Conclusions

Taken together, our findings reveal that T.gondii tachyzoites can strongly induce the secretion of inflammatory cytokines via activation of microglia both in vivo and in vitro. Inflammation generated by activated microglia is responsible for neuronal lesions in the brain of mice with reactivated Toxoplasmic encephalitis. The therapy of minocycline would help attenuate the pathology of mice with TE via inhibition of microglia activation and the causative cytokines involved.

Authors’ information

Yi-hua Zhang and He Chen are co-first authors.

Notes

Abbreviations

TE: 

Toxoplasmic encephalitis

CNS: 

Central nervous system

IL-6: 

Interleukin-6

IL-1β: 

Interleukin-1β

TNF-α: 

Tumor necrosis factor-α

iNOS: 

Inducible nitric oxide synthase

TBI: 

Traumatic brain injury

ICH: 

Intracerebral hemorrhage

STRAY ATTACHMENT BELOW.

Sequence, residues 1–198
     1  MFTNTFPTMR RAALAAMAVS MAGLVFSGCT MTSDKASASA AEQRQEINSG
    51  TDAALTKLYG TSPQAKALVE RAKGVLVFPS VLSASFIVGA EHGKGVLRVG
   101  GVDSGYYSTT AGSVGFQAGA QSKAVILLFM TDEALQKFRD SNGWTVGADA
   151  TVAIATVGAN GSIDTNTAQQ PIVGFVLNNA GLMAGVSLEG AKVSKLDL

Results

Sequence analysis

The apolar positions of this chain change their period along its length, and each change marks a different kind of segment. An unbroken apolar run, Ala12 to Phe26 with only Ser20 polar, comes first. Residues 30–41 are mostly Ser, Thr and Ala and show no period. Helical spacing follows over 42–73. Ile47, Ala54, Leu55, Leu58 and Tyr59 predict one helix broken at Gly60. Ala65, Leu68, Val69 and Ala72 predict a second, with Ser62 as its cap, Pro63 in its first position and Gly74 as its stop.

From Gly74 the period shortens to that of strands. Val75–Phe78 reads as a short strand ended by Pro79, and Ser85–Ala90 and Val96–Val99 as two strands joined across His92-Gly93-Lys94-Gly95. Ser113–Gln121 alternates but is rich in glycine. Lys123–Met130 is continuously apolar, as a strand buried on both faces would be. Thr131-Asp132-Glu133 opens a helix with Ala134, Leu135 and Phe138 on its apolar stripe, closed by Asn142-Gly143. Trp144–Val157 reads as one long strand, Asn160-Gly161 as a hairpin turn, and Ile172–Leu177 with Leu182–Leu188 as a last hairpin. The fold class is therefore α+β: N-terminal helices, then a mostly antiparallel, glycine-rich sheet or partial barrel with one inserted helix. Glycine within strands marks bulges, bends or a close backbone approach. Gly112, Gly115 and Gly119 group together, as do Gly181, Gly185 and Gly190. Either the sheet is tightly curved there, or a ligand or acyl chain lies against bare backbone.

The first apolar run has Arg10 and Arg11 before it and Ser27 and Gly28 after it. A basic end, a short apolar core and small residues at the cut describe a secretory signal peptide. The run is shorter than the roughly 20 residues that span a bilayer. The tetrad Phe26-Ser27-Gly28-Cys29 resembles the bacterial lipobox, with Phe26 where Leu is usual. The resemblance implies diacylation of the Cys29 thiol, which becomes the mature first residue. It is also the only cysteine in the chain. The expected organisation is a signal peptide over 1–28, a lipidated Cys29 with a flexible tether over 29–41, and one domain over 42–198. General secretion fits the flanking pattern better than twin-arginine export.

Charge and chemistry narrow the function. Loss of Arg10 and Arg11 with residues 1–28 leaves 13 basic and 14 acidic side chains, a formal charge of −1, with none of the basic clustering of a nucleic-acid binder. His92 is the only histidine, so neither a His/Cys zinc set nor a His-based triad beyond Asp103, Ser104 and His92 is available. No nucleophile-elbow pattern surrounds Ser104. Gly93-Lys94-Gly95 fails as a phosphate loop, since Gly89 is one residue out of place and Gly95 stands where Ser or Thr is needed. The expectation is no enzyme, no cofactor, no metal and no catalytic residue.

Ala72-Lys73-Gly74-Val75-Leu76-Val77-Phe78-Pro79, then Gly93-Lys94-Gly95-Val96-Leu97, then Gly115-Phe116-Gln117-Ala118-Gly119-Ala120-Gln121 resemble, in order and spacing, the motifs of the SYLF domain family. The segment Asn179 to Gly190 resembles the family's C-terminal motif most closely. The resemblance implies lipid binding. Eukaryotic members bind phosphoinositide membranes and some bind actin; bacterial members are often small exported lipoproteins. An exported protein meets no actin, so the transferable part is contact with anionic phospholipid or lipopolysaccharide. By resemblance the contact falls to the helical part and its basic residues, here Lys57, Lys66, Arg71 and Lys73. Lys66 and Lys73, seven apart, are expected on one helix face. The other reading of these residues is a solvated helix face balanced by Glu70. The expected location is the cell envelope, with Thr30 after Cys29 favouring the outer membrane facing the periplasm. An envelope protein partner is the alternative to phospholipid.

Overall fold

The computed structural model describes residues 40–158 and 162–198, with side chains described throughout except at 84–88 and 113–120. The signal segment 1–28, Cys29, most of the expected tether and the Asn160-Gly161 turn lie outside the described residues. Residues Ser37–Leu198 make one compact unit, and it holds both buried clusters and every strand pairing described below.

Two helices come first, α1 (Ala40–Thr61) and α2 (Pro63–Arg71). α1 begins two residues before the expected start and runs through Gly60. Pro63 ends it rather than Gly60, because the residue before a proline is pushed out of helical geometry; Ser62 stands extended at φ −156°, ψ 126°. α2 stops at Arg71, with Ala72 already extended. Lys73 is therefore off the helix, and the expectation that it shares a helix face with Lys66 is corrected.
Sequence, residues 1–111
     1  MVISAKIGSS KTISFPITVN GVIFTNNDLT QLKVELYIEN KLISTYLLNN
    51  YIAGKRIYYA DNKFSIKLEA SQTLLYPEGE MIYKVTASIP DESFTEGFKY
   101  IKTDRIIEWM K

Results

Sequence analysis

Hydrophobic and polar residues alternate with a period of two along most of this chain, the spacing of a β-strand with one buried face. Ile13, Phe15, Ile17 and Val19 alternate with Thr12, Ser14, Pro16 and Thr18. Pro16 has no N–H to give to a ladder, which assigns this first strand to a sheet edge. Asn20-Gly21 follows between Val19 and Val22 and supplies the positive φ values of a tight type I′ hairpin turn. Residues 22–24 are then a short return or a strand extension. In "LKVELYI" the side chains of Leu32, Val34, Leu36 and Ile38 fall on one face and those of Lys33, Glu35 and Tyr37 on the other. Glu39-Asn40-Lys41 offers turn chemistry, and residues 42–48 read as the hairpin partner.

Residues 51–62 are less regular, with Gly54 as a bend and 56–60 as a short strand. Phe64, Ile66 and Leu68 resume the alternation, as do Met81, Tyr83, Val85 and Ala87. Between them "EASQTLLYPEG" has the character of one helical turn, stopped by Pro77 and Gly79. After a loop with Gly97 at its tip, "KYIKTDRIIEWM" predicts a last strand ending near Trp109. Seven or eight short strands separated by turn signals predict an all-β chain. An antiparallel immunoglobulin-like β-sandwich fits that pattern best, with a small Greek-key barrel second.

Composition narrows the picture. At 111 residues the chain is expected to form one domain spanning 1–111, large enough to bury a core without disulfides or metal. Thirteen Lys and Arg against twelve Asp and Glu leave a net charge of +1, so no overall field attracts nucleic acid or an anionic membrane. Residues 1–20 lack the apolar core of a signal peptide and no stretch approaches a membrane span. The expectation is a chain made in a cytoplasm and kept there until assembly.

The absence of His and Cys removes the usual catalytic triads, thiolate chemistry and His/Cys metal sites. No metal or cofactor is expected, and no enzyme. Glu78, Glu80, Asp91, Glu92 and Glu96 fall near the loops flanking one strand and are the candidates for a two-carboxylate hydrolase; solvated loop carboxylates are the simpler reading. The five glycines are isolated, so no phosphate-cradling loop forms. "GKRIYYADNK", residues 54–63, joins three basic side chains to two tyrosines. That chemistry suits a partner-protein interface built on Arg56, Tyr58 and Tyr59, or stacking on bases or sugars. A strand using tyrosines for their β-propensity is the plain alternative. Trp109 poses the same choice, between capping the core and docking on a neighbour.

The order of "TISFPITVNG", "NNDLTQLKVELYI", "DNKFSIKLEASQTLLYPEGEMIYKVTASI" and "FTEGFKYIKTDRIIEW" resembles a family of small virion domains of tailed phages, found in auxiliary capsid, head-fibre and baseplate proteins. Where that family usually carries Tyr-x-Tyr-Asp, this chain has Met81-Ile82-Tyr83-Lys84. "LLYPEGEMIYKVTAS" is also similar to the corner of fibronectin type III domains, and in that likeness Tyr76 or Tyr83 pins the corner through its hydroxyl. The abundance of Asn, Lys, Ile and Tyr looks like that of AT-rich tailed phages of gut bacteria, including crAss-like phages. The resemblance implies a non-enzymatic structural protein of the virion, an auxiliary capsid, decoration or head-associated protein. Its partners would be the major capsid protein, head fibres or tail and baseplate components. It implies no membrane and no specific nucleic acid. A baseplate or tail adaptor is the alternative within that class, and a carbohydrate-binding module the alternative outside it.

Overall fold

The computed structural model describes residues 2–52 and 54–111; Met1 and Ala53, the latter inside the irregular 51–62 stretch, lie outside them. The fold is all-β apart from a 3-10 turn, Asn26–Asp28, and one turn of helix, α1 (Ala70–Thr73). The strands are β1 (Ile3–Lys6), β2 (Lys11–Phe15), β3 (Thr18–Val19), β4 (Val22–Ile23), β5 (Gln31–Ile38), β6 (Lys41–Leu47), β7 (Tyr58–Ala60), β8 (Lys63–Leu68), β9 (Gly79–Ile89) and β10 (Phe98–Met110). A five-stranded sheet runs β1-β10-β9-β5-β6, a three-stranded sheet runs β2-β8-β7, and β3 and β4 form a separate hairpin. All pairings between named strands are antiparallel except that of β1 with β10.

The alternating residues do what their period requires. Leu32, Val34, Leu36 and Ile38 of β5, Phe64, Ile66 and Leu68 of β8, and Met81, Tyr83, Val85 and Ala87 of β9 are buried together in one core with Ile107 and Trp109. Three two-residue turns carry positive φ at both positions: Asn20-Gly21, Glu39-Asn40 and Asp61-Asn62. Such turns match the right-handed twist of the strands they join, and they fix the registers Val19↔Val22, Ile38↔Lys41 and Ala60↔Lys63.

LNB: 

Lyme neuroborreliosis

LPS: 

Lipopolysaccharide

GPIs: 

Glycosylphosphatidylinositols

ROPs: 

Rhoptries

GRAs: 

Dense granules.

Declarations

Acknowledgements

This work was funded by the National Basic Science Research Program of China (Grant No. 2010CB530001), the National Natural Science Foundation of China (Grant No.81471983; 81101272; 81271864), Fok Ying Tung College Young Teachers Fund (131033) of the Chinese Ministry of Education and the Outstanding Youth Fund of Anhui Province (10040606Y19). We thank Dr. Wen-qi Liu at Tongji Medical School, Huazhong Univisity of Science and Technology, for her assistance in parasite isolation. Our gratitude is given to Dr. SH Huang at The School of Life Sciences, Anhui Medical University, for his kind gift of BV-2and N2a cells.

Authors’ Affiliations

(1)
The Key Laboratory of Zoonoses and Pathogen Biology Anhui, and Department of Parasitology, Anhui Medical University
(2)
Clinical Laboratory, the First Affiliated Hospital of Anhui Medical University
(3)
Department of Blood Transfusion, the First Affiliated Hospital of Anhui Medical University
(4)
Department of Biochemistry and Molecular Biology, School of Basic Medicine, Anhui Medical University
(5)
State Key Laboratory of Biocontrol and Center for Parasitic Organisms, School of Life Sciences, Zhongshan School of Medicine, Sun Yat-Sen University